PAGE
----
Parameters are one of the essential components of the HTTP protocol, which is an optional entity but can be used in combination for various purposes. In this chapter, you will learn about the various parameters of HTTP protocols, their syntax, and how they can be used for communication.
What Is HTTP Parameter?
When the HTTP method is used to request certain resources from the web server, the client also sends some parameters to the web server. These parameters are in a pair of names and their corresponding values, which are called HTTP parameters.
HTTP Parameter Types
- HTTP Version
- Uniform Resource Identifier (URI)
- Date and Time Format
- Character Set
- Media Types
- Language Tag
Let us now discuss each of them in detail.
HTTP makes use of the "<major>.<minor>" numbering system for designating the version of the protocol. This protocol's versioning policy is proposed to allow the sender to specify the message format and its capability to understand HTTP communication further.
"HTTP" "/" 1*DIGIT "." 1* DIGIT
GET http://www.example.com/ HTTP/1.1
It is to be noted that the <major> and <minor> numbers should be treated as separate integers where each has the potential to increment higher than a single digit.
Uniform Resource Identifier (URI)
URIs are also known as WWW addresses, Universal Resource Identifiers, Universal Document Identifiers, Uniform Resource Name (URN), and the popular Uniform Resource Locator (URL). These are basically formatted, case-insensitive threads that contain a name, location, etc., to identify a web service, a resource, a website, etc.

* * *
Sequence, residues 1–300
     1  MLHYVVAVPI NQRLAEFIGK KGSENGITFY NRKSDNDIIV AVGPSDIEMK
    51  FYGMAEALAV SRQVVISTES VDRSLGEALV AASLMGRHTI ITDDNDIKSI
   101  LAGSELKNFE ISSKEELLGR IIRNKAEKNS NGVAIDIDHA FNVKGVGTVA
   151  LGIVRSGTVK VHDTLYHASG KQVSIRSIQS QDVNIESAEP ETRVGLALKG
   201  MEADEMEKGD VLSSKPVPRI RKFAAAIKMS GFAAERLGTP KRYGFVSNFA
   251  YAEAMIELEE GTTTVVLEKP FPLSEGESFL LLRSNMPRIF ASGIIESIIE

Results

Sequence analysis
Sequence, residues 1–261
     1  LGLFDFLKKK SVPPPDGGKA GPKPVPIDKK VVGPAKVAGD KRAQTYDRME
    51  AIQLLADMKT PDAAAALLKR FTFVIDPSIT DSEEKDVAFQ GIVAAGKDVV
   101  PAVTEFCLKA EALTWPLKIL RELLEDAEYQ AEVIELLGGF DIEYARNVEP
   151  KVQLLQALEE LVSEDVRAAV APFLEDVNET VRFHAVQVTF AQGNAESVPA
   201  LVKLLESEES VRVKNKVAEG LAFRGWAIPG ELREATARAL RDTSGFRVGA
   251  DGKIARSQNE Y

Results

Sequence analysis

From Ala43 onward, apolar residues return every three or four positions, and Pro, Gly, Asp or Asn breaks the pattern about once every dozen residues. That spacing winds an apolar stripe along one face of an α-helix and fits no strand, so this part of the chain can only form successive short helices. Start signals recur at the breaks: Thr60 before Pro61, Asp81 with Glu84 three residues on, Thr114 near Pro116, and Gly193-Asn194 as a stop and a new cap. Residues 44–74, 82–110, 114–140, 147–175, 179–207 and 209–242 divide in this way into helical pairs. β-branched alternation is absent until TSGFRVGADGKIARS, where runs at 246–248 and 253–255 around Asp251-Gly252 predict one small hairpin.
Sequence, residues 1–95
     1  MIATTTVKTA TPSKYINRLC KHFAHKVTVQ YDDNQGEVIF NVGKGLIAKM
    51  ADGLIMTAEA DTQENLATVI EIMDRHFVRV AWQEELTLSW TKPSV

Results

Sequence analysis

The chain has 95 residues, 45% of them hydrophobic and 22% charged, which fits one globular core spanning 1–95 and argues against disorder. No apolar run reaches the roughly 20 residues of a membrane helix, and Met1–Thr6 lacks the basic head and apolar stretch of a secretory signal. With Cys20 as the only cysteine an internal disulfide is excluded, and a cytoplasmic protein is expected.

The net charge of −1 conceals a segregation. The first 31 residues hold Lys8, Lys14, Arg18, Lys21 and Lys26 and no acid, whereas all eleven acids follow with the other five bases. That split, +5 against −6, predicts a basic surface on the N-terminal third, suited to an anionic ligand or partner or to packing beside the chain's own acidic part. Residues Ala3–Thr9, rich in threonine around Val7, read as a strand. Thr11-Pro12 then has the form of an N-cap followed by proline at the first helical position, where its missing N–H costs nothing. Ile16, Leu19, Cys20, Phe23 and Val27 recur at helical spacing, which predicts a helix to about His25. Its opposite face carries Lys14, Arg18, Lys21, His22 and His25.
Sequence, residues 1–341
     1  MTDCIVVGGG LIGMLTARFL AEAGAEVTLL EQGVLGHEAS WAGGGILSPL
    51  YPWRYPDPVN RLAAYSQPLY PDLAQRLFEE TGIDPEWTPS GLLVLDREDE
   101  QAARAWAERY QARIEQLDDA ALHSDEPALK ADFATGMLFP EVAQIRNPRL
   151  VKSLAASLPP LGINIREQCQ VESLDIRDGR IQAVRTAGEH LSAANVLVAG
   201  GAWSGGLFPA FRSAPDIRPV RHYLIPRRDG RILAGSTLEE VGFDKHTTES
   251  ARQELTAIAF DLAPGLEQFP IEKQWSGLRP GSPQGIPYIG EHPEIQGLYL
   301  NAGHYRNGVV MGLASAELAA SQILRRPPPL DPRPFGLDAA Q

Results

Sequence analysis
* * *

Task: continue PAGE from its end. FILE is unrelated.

URI = "http :" "//" host[ ":" port ][ abs_path ["?" query]]
Here, if your port is empty or not assigned with any value, port 80 is considered the default HTTP port, and the empty abs_path is equivalent is defined as the abs_path of "/".
GET http://www.example.com/ HTTP/1.1
Date and Time Format
HTTP applications allow us to use three different formats to represent date-time stamps:
Sat, 28 Aug 1993 08:49:37 GMT; RFC 822, updated by RFC 1123 Saturday, 28-Aug-93 08:49:37 GMT; RFC 850, obsoleted by RFC 1036 Sat Nov 28 08:49:37 1993; ANSI C's asctime() format
Each HTTP date/time stamp must be presented in Greenwich Mean Time (GMT) without exception. The first date-time format is chosen as an Internet standard representing a fixed-length separation defined by RFC 1123.
The next format is a commonly used format based on the older RFC 850 date-time format with no 4-digit representation of the year. The last is the standard date-time format of ANSI.
Character sets are used to indicate character sets that are given as preference by the client. Various character sets exist that are listed and separated by commas. If the value is not specified, the default US-ASCII is used.
Accept-Charset: <charset>, <charset>;q=
Accept-Charset: utf-8, iso-8859-1;q=0.7
Internet Media Types are used by HTTP as the 'Content-Type' as well as 'Accept header' fields for providing open and extensible data type for type negotiation. Parameters may trail the type/subtype as attribute/value pairs. All these media-type values must be registered under the Internet Assigned Numbers Authority (IANA).
Accept: type "/" subtype *( ";" parameter )
Accept: application/vnd.linn.user+json; version=1
Language tags in HTTP are used to identify a natural language that is spoken, written, and conveyed by humans for day to day communication. It excludes all computer languages. The registry and syntax of HTTP language tags are the same and are defined by RFC 1766. A language tag can contain more than one part.
Accept-Language: <language> or Accept-Language: *
It is to be noted that white spaces are not allowed within a tag. Also, all tags are case- insensitive. The IANA administers all the namespace of the standard language tags. Example of such languages are: en, en-US, en-cockney, i-cherokee, x-pig-latin